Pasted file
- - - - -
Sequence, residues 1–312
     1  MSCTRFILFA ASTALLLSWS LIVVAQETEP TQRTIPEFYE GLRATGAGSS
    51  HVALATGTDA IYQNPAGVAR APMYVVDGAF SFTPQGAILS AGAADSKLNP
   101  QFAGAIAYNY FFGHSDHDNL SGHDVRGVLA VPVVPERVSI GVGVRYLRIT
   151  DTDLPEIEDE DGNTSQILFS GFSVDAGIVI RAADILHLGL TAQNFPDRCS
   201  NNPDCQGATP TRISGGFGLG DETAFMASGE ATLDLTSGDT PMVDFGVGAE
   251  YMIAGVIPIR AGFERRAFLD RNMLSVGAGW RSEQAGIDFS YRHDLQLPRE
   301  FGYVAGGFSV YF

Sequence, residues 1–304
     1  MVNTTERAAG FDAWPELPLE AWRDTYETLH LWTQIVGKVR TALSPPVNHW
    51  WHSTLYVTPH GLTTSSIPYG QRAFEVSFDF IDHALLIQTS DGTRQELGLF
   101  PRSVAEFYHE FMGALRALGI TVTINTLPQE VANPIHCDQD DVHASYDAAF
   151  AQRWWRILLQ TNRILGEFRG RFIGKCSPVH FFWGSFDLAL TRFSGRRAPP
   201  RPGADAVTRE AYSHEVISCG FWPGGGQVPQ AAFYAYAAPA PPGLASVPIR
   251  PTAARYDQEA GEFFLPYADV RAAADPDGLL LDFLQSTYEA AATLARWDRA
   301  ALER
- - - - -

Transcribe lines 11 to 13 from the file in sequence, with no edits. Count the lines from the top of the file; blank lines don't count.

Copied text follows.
    51  WHSTLYVTPH GLTTSSIPYG QRAFEVSFDF IDHALLIQTS DGTRQELGLF
   101  PRSVAEFYHE FMGALRALGI TVTINTLPQE VANPIHCDQD DVHASYDAAF
   151  AQRWWRILLQ TNRILGEFRG RFIGKCSPVH FFWGSFDLAL TRFSGRRAPP